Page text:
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Irish priests’ group ‘disturbed’ by investigation

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Catholic News Service

DUBLIN — The Irish Association of Catholic Priests said it is “disturbed” that the group’s founder, Redemptorist Father Tony Flannery, is under investigation by the Vatican’s Congregation for the Doctrine of the Faith.

In an April 9 statement, the priests’ association — which represents about 20 percent of Ireland’s 4,000 priests — affirmed “in the strongest possible terms our confidence in and solidarity with Father Flannery, and we wish to make clear our profound view that this intervention is unfair, unwarranted and unwise.”

The statement said the group “is disturbed” that Father Flannery is being “silenced.”

“We believe that such an approach, in its individual focus on Father Flannery and inevitably, by implication, on the members of the association, is an extremely ill-advised intervention in the present pastoral context in Ireland,” the statement said.

It insists that “the issues surfaced by the ACP since its foundation less than two years ago and by Tony Flannery as part of the leadership team are not an attack on or a rejection of the fundamental teachings of the church. Rather, they are an important reflection by an association of over 800 Irish priests — who have given long service to the Catholic Church in Ireland — on issues surfacing in parishes all over the country.

“While some reactionary fringe groups have contrived to portray our association as a small coterie of radical priests with a radical agenda, we have protested vehemently against that unfair depiction. We are and we wish to remain at the very heart of the church, committed to putting into place the reforms of the Second Vatican Council,” the statement added.

The Irish Catholic newspaper reported April 5 that Father Flannery has been asked by the Vatican to stop writing articles in the order’s monthly magazine.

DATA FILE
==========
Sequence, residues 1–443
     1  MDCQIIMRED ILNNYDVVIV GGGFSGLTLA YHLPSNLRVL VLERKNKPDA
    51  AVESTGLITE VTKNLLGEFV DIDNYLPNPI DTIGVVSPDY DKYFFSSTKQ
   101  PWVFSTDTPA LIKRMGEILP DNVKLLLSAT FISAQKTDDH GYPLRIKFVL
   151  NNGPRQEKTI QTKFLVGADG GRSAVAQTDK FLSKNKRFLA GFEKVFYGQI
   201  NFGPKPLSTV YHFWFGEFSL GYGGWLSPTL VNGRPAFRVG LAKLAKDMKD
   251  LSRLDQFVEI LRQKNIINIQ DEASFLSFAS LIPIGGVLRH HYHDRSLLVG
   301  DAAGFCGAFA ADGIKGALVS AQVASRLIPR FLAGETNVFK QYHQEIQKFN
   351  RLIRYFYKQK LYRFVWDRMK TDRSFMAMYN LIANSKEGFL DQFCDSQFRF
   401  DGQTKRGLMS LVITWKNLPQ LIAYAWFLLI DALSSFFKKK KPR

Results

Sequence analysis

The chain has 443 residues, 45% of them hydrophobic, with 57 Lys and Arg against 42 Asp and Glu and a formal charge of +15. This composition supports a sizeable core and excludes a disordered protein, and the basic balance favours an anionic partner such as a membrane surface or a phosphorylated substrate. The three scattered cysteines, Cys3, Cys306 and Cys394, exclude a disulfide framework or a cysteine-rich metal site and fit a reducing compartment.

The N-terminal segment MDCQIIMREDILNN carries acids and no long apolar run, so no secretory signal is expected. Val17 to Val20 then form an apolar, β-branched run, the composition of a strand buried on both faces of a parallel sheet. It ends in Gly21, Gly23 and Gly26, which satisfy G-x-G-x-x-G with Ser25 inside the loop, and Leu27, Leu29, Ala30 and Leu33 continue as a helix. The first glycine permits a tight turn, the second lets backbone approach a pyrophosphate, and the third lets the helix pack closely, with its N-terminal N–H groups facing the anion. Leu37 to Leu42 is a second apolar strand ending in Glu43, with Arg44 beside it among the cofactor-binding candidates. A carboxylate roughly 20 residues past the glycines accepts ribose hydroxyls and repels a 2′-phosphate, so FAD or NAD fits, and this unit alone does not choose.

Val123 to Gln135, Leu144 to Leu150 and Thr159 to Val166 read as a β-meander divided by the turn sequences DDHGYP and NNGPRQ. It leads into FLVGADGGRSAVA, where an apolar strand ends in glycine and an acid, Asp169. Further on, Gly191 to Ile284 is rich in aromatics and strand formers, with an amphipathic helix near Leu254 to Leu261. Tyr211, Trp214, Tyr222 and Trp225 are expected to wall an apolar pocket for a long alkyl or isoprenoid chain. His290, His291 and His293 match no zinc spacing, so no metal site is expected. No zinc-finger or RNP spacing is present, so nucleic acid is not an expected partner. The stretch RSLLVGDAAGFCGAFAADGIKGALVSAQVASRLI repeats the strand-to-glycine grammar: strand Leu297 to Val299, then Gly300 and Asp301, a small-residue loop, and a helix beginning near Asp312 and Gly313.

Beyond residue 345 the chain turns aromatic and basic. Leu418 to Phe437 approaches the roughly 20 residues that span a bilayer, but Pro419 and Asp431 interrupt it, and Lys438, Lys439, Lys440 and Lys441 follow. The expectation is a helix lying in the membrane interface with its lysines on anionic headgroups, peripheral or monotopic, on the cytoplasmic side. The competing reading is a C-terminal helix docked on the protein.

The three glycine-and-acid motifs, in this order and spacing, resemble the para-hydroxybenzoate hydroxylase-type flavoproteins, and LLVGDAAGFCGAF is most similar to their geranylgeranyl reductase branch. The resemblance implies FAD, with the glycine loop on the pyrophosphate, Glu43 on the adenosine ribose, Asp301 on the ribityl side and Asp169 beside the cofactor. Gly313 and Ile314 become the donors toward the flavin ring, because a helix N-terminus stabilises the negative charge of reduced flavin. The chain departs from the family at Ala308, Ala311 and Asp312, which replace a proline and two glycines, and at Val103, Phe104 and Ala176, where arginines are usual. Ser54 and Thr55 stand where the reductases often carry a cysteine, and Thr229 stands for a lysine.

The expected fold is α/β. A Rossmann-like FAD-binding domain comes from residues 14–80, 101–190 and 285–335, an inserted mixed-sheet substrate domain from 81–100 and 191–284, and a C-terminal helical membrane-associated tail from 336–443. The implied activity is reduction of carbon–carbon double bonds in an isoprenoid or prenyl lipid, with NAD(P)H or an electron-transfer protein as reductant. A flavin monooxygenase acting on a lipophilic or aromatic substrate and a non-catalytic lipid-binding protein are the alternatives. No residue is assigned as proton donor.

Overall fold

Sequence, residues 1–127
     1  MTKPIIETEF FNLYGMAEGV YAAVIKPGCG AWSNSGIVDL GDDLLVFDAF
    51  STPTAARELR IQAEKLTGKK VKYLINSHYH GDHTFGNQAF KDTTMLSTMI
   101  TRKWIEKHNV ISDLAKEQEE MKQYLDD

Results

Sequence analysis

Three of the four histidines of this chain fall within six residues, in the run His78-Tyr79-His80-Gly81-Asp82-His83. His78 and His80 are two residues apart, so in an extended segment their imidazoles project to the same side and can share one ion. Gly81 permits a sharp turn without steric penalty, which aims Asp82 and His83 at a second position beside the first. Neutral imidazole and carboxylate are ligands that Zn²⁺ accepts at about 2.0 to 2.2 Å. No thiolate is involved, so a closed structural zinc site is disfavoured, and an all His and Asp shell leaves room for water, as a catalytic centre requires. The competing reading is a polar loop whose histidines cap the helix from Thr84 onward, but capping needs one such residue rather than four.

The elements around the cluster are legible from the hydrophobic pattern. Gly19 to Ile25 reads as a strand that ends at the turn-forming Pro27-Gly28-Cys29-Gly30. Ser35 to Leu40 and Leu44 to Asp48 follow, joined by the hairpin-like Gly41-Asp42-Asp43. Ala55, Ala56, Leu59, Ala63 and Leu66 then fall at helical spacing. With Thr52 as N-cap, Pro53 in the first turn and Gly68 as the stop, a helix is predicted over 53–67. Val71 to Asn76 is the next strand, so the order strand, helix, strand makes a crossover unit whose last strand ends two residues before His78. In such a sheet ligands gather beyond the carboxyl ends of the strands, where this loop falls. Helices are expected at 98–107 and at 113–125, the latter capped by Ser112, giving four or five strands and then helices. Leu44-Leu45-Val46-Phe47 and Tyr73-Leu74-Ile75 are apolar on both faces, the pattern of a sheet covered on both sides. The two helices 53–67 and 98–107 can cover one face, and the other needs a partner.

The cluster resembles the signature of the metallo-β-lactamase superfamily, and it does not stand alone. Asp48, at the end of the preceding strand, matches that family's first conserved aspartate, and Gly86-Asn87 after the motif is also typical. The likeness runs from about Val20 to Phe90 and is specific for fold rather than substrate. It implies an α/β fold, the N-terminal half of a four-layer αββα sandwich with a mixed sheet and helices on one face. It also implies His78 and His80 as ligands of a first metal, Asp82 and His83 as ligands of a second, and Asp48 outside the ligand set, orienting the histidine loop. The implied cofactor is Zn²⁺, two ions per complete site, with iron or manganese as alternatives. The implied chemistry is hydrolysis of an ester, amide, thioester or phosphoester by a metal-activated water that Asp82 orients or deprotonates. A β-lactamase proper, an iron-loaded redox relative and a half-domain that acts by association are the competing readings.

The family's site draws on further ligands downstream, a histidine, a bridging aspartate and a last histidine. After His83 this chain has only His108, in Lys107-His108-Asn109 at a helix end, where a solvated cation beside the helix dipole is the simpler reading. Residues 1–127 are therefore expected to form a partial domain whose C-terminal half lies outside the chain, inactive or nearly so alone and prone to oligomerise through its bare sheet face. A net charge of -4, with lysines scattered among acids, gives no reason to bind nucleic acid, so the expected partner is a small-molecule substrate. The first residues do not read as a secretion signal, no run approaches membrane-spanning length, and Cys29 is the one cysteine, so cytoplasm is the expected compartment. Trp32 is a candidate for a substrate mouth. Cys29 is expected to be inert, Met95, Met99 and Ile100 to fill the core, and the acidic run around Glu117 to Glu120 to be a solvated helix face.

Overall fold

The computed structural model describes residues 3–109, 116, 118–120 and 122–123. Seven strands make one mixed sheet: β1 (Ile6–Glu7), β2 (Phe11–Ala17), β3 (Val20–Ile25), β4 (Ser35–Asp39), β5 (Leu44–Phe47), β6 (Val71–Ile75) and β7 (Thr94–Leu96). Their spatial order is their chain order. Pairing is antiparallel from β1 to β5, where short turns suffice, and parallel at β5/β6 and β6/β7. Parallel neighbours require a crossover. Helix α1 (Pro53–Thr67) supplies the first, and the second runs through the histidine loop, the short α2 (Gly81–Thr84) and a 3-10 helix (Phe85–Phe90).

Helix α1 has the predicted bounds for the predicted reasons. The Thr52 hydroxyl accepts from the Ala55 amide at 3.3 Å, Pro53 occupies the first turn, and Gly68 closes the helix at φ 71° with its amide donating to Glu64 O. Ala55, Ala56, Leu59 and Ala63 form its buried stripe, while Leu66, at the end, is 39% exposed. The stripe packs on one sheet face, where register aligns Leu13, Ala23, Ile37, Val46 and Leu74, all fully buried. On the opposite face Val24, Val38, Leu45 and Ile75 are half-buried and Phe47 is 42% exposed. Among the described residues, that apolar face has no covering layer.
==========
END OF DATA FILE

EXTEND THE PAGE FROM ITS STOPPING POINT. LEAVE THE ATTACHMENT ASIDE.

In the past he has called for reconsideration of the church’s teachings on a variety of issues, including the ordination of women, the ban on artificial birth control and mandatory priestly celibacy. The move against Father Flannery comes just weeks after the report of a Vatican inquiry in Ireland criticized “fairly widespread” dissent from church teaching among Irish clergy.

Reality, the monthly magazine of the Irish Redemptorist community, has also come in for Vatican scrutiny. While Father Gerry Moloney, the magazine’s editor, refused to comment, it is understood that he has been informed by his superiors that the magazine should no longer contain articles that question the church’s teaching.

The investigation of Father Flannery comes just three weeks after the summary report of the Vatican’s apostolic visitation to Ireland criticized what it described as “a certain tendency, not dominant but nevertheless fairly widespread among priests, religious, and laity, to hold theological opinions at variance with the teachings of the magisterium.”

The document emphasized that “dissent from the fundamental teachings of the church is not the authentic path toward renewal.”

Father Flannery has also received support from his Redemptorist colleagues. Father Adrian Egan, who heads the order’s Mount St Alphonsus monastery in Limerick, said he was “dismayed, disappointed, flabbergasted, amazed, and hugely disappointed at the action by the Vatican.”

The Irish branch of the liberal lay movement We Are Church said its members were “appalled” at the move.

“It is especially important that all Father Flannery’s fellow priests should now publicly express their solidarity with their silenced brother priest against this further Vatican infringement of the rights of Catholics to dissent from man-made canon laws of the church,” the group said.